NEWS
By Los Angeles Times | January 10, 1995
WASHINGTON -- Throughout his presidency, George Bush persistently promoted his "1,000 Points of Light" campaign as the antidote for hunger, homelessness and poverty.The slogan, coined during Mr. Bush's acceptance speech at the 1988 Republican National Convention, grew in popularity to become a signature of his administration. Six days a week, Mr. Bush honored someone -- a so-called "Point of Light" -- for performing exemplary volunteer work.In 1990, while declaring that solutions to some of the nation's most vexing problems lay in the hands of ordinary citizens and organizations -- and not huge government bureaucracies -- Mr. Bush launched a private, nonprofit foundation to motivate every American to engage in community service.
NEWS
By Los Angeles Times | January 9, 1995
WASHINGTON -- Throughout his presidency, George Bush persistently promoted his "1,000 Points of Light" campaign as the antidote for hunger, homelessness and poverty.But an examination of financial records by the Los Angeles Times shows Mr. Bush's Points of Light Foundation, touted as the charitable solution to poverty in the United States, has spent less than 11 percent of its multimillion-dollar budget on grants to volunteer efforts.The records also show that $22.3 million has been spent on glitzy promotions, consultants, salaries, travel and conferences.
NEWS
By Andrea F. Siegel and Andrea F. Siegel,Staff Writer | December 8, 1993
When the Werners decorate their house for Christmas, everybody notices.This is not a family that every year brings out a few strings of blinking bulbs to wrap around the shrubs. The glow comes from 2,000 bulbs.Andy Werner has put 1,400 small lights on his Stewart Avenue home and another 800 on the holly tree in the back."I scaled back on the lights. Last year, I had 3,000," Mr. Werner said.Every year, Mr. Werner makes a new display for his front yard. By the end of this weekend, he expects to have a 12-piece Nativity scene there.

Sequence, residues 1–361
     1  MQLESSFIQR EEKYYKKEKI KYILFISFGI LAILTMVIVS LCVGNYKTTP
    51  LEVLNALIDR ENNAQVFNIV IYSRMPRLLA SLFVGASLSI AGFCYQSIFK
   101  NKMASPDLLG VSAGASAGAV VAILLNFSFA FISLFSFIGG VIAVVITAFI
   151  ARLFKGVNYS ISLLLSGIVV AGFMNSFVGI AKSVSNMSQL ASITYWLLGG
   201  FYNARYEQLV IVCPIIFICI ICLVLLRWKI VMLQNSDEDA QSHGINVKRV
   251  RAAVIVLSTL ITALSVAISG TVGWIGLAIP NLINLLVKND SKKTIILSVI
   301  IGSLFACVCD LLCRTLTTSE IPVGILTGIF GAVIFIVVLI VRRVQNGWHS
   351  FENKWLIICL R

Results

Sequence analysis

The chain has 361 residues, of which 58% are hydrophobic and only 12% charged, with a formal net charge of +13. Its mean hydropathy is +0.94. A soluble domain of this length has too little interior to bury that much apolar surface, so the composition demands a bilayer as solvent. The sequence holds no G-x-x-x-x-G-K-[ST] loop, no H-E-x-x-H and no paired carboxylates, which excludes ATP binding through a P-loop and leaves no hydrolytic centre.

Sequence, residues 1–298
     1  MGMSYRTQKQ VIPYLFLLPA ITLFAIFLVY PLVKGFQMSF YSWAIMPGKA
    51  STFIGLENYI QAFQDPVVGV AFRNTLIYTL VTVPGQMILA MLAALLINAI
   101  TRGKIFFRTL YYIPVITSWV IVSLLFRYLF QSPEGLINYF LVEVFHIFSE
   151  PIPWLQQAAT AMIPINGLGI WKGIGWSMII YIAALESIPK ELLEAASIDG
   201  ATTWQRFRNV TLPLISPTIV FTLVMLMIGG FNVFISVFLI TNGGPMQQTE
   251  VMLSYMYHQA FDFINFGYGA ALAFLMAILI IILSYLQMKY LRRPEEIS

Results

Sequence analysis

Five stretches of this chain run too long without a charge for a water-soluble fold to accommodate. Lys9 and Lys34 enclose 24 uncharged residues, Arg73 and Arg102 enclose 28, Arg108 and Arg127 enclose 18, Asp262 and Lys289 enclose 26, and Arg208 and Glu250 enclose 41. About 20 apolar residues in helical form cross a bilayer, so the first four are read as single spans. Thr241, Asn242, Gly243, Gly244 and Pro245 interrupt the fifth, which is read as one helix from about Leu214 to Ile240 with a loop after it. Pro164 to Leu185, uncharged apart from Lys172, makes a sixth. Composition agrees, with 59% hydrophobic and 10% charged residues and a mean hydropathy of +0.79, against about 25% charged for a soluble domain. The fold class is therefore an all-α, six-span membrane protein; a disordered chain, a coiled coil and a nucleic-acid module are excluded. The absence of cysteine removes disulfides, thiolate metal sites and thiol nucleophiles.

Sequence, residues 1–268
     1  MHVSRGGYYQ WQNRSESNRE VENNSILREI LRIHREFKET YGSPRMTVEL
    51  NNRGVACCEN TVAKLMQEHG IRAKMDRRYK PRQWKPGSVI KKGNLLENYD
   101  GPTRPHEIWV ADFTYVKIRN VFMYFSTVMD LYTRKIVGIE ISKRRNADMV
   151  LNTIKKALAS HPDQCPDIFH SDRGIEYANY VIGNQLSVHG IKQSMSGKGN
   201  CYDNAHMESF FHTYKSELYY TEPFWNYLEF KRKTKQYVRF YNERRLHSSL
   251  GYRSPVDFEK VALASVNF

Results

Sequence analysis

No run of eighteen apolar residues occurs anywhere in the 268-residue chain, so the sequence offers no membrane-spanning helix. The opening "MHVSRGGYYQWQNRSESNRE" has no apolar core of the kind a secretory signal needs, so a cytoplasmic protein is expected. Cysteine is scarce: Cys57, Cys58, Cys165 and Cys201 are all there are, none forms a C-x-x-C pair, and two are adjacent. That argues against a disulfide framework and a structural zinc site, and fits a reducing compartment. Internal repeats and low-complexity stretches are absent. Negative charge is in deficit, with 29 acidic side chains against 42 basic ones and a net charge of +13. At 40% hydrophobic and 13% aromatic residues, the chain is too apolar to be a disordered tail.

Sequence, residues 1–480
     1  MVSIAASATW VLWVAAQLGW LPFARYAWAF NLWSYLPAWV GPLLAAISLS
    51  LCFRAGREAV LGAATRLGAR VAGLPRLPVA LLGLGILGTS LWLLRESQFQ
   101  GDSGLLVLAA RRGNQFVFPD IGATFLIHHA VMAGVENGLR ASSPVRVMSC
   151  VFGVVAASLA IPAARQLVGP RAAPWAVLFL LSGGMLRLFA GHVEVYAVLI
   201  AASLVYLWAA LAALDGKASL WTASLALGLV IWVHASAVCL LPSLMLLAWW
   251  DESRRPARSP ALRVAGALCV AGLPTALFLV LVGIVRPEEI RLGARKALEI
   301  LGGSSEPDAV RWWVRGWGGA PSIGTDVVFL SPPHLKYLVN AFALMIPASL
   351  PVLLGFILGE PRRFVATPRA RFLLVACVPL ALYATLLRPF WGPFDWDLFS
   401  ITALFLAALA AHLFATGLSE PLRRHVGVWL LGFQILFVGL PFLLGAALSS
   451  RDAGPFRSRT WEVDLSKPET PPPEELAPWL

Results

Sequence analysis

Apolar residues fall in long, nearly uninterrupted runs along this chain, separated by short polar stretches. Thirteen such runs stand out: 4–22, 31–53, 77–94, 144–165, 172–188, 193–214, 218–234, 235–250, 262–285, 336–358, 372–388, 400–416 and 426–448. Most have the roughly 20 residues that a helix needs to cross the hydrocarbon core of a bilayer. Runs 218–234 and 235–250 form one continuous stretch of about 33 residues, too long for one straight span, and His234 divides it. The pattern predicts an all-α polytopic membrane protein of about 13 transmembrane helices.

NEWS
By New York Times News Service | April 23, 1993
WASHINGTON -- President George Bush's beloved points of light did not all go out when he did.In fact, the non-partisan Points of Light Foundation, which embodied Mr. Bush's national service campaign, has expanded and is developing a working relationship with the Clinton administration."
NEWS
By Jules Witcover and Jack W. Germond | May 14, 1991
BEFORE THE saga of White House chief of staff Joh Sununu's frequent flying at taxpayer expense passes into the footnotes of history, it may be worth pointing out one aspect that tells something of the mind-set of some of the folks who are running the country right now. They're all for volunteerism -- when it's somebody else's.Among the flights Sununu took on military planes were two that carried him in the winters of 1990 and 1991 to New Hampshire, the state he once governed and still calls home.
FEATURES
By Stephanie Shapiro and Stephanie Shapiro,Staff Writer | April 4, 1993
In soup kitchens, shelters, clinics, schools and tumble-down homes, Erin D. Swezey's army is hard at work.Hundreds of freshly scrubbed Loyola College students are rolling up their sleeves and confronting poverty in the city's grittiest neighborhoods, in Appalachian mountain towns, in Mexican orphanages.Since arriving four years ago as Loyola's director of community service, Ms. Swezey has mobilized the campus into a hub of good works and good faith.That's not to say Loyola's party-hearty reputation has evaporated.
NEWS
March 10, 1993
Defining what it takes to make a hero has always been a difficult task. What measure of courage, dedication and good works qualifies?Sometimes someone comes along who leaves little doubt that he or she deserves to be called a hero. Such a person is Neil Gaffney, a Glenelg resident, whose volunteer works merit recognition as well as gratitude.Mr. Gaffney has for 10 years used his spare time to refurbish the homes of the disadvantaged and handicapped, as well as to rally local churches to house the homeless.